Numerical algorithms and statistical theory is quite robust and universal, but once you look into the various software implementations you discover that presumed standards are not so universal. That’s indeed the great thing about ‘standards’, there are so many to choose from.

Having spent quite a bit of time looking into \chi^2-tests and ways to filter out noise from big data, I discovered that the so-called Pearson p-value is somewhat different in Excel, Mathematica and R. Sometimes the difference is subtle (of the order of 1E-10) sometimes not so insignificant. The reason I want to highlight it here is because it took me a whole lot of time to figure things out and hope these notes will help someone out there. Aside from the technical bit I also have to confess that I was amazed at the sharpness with which the test allowed us to distinguish noise from signal, but I’m too much bound to confidentiality to reveal more.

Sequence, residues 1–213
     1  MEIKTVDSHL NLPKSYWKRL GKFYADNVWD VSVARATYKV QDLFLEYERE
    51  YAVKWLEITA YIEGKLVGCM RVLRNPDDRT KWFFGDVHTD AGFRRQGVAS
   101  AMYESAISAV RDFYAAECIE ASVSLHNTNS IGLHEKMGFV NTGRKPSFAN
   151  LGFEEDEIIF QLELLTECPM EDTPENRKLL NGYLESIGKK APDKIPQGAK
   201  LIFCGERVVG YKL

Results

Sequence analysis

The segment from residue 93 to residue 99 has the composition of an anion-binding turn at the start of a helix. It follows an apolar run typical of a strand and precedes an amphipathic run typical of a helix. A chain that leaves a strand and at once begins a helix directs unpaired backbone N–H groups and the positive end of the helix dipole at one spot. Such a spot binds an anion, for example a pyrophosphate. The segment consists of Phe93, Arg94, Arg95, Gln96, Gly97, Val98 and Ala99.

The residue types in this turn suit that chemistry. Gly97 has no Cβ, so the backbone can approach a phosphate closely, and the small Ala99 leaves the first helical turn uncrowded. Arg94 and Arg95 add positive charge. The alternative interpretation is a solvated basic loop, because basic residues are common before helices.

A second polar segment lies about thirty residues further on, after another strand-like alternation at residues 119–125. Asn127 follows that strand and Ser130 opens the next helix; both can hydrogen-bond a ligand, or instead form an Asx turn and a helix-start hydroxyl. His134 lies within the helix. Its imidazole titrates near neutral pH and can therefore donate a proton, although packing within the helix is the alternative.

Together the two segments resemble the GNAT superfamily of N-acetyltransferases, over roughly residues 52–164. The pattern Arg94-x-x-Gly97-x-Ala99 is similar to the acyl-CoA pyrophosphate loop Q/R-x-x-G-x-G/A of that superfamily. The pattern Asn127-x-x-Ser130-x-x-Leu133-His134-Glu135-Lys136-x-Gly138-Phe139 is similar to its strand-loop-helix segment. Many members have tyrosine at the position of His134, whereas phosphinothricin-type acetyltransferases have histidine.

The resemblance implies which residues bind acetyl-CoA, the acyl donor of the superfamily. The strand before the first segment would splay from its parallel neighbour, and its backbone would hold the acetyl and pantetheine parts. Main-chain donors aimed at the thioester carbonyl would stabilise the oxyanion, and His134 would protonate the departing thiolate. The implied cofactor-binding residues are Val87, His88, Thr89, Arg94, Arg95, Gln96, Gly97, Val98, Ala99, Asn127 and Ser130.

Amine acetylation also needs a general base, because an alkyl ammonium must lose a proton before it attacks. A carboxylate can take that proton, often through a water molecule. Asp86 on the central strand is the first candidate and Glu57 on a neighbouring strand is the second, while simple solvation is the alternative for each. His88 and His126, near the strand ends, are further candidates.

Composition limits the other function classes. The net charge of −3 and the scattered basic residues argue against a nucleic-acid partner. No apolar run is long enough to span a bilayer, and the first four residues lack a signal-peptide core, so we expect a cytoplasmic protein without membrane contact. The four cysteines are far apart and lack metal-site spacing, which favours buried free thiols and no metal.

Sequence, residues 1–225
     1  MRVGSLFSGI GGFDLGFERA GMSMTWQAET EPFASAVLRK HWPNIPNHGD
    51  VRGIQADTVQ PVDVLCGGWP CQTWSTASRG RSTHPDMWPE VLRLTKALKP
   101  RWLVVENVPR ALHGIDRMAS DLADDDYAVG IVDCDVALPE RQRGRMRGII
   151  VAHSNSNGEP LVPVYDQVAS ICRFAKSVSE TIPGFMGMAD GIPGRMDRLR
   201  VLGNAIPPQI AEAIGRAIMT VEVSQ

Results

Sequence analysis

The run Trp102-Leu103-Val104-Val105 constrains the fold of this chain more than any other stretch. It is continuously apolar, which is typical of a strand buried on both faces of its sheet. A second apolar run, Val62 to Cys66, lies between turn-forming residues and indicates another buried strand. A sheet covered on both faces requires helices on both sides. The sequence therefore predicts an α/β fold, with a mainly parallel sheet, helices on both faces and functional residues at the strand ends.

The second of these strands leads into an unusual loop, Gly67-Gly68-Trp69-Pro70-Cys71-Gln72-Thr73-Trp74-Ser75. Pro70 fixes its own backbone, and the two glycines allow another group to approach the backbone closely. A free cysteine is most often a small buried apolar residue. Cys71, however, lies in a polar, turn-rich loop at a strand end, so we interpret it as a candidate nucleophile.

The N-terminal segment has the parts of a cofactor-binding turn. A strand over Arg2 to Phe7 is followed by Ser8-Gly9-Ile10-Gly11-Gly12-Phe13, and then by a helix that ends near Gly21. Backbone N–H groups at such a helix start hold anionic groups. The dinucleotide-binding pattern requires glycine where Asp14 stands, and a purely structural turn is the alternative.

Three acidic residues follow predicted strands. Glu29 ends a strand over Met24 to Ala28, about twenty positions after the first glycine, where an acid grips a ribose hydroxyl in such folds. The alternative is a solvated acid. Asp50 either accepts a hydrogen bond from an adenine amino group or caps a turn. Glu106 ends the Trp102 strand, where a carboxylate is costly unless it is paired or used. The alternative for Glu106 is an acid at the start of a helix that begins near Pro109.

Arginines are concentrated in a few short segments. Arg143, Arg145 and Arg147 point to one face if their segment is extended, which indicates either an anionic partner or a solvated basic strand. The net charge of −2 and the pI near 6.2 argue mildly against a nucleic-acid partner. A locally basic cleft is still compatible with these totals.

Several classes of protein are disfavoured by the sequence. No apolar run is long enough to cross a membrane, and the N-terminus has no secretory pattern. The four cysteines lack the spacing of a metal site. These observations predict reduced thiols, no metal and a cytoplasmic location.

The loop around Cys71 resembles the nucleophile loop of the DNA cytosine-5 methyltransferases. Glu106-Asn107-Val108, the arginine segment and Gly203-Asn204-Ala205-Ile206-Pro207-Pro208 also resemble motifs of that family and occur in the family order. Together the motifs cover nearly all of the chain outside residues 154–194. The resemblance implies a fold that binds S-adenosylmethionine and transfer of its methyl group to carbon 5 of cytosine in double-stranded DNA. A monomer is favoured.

Consider the couple of vectors (46,44) and (50,50) and test for correlation, typically in R you would do something like the following

producing a p-value of 0.9939 while in Excel or Mac’s Numbers you get

Numbers Chi

while in Mathematica you (to my surprise) need to implement it yourself like so

The reason for the discrepancy is that R has a somewhat different implementation which takes also the Yates correction into account;

If you wish to have the same value in R as in spreadsheet programs and Mathematica you need to use

which seems obvious when you look at it but, like many things in numerical maths, the assumption that all packages create correct outputs depends on large sets of assumptions (about your model, distribution, validity domain and whatnot).